SYRACUSE, New York (WISH) — There’s a tree on Syracuse University’s campus that’s a little different than most — it bears 40 different kinds of fruit.
Sam Van Aken, an artist and professor at the university, says he uses “chip grafting” to create trees that produce 40 different varieties of stone fruits, including peaches, plums, apricots, nectarines, cherries and almonds, he tells National Geographic.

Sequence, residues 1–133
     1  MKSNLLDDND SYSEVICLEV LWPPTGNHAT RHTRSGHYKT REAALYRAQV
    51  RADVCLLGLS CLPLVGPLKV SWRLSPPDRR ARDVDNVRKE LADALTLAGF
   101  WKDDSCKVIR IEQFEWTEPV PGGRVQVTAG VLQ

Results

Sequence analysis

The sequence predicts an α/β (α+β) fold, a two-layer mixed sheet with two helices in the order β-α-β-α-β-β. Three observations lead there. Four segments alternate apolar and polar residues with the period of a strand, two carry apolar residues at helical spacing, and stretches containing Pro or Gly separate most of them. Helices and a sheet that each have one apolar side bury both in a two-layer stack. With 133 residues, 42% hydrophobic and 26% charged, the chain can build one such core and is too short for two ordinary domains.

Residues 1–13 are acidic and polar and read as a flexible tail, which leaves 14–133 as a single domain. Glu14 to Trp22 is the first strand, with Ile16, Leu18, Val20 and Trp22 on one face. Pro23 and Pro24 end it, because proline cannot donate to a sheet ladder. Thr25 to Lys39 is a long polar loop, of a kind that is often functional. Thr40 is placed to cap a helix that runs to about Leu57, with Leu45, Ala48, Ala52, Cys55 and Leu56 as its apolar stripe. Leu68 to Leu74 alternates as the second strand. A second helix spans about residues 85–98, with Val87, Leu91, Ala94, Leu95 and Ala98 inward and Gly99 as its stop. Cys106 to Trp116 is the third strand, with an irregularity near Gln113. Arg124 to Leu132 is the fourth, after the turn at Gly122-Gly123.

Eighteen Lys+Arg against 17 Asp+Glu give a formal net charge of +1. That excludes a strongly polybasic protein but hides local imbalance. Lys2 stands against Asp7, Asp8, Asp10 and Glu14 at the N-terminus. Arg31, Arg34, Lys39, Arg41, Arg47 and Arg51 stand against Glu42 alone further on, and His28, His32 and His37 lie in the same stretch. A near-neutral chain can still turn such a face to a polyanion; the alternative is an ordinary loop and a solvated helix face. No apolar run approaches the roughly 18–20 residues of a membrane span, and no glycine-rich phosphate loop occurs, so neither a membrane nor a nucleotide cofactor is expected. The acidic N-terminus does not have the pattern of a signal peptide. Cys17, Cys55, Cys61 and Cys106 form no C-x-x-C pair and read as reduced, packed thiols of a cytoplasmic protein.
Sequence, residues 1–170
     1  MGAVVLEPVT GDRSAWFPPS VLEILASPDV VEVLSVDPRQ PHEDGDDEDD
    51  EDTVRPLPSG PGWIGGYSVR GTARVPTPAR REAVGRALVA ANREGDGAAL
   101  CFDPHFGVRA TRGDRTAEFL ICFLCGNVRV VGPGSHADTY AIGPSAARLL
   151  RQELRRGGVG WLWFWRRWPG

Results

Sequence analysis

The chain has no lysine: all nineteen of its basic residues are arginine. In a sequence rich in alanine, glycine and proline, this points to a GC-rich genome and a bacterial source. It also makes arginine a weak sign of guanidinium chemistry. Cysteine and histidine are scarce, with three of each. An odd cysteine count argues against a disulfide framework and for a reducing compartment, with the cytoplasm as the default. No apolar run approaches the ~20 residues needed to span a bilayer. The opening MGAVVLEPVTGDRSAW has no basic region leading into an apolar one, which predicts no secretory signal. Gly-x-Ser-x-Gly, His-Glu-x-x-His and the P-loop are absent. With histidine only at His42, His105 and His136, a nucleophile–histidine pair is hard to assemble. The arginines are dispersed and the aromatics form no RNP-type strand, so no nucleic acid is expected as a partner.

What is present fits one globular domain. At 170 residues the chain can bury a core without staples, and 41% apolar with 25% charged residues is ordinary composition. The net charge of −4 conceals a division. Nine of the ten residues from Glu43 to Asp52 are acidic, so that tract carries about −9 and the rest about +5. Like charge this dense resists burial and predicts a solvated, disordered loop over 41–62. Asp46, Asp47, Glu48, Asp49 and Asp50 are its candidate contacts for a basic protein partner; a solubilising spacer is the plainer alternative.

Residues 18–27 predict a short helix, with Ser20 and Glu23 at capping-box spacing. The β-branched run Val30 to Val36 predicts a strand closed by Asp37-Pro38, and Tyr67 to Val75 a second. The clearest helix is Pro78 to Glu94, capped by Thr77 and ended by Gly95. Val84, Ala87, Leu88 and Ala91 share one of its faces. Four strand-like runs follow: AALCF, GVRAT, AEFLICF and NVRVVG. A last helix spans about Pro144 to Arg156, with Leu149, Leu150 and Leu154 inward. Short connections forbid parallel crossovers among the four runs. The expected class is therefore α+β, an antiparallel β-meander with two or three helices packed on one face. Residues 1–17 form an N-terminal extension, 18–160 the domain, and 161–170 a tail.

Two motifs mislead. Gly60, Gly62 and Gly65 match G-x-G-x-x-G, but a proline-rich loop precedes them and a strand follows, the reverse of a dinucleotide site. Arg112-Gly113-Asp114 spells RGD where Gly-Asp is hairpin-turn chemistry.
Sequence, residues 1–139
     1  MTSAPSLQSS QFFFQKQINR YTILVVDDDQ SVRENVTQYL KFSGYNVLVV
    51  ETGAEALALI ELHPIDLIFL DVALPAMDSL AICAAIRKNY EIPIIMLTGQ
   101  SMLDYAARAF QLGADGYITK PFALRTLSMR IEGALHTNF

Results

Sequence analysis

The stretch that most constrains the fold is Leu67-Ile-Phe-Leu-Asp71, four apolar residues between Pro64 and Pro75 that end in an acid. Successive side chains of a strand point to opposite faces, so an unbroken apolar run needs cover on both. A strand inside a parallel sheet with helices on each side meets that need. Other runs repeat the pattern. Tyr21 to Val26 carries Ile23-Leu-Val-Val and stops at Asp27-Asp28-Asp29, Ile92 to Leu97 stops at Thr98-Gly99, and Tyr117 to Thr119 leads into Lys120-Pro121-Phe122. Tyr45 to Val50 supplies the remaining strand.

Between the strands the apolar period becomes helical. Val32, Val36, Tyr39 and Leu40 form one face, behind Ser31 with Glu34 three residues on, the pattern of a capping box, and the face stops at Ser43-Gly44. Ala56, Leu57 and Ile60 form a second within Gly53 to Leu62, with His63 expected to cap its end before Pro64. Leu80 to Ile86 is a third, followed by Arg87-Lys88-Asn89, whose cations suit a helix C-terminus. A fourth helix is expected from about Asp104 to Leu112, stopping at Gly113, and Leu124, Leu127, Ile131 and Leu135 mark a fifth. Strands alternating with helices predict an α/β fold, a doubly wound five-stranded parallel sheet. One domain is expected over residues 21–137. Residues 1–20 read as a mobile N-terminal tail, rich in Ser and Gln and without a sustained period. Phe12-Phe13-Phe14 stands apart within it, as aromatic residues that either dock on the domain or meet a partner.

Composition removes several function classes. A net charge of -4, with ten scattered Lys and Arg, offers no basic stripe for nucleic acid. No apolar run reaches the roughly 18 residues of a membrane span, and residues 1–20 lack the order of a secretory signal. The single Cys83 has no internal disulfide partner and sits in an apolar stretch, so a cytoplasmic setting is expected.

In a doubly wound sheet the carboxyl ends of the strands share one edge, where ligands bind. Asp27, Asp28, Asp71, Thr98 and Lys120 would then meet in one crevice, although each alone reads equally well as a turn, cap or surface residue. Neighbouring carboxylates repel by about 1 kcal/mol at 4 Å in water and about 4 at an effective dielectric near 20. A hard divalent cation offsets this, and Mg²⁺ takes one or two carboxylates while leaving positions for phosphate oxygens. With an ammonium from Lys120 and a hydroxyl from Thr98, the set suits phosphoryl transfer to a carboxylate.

Van Aken says that the trees are a research project, an art exhibit, and a conservation mission.
Van Aken cuts part of a branch from the “working tree” and inserts a bud from one of the fruit varieties. He then wraps it with tape, allows it to heal, and waits for a new branch to grow. He repeats the same process over several years.
When spring time rolls around the “Tree of 40 Fruit” steals the show with its multi-colored blossoms. Van Aken says he’s created more than a dozen of the trees and that they’ve been planted around the U.S.[youtube https://www.youtube.com/watch?v=t9EuJ9QlikY]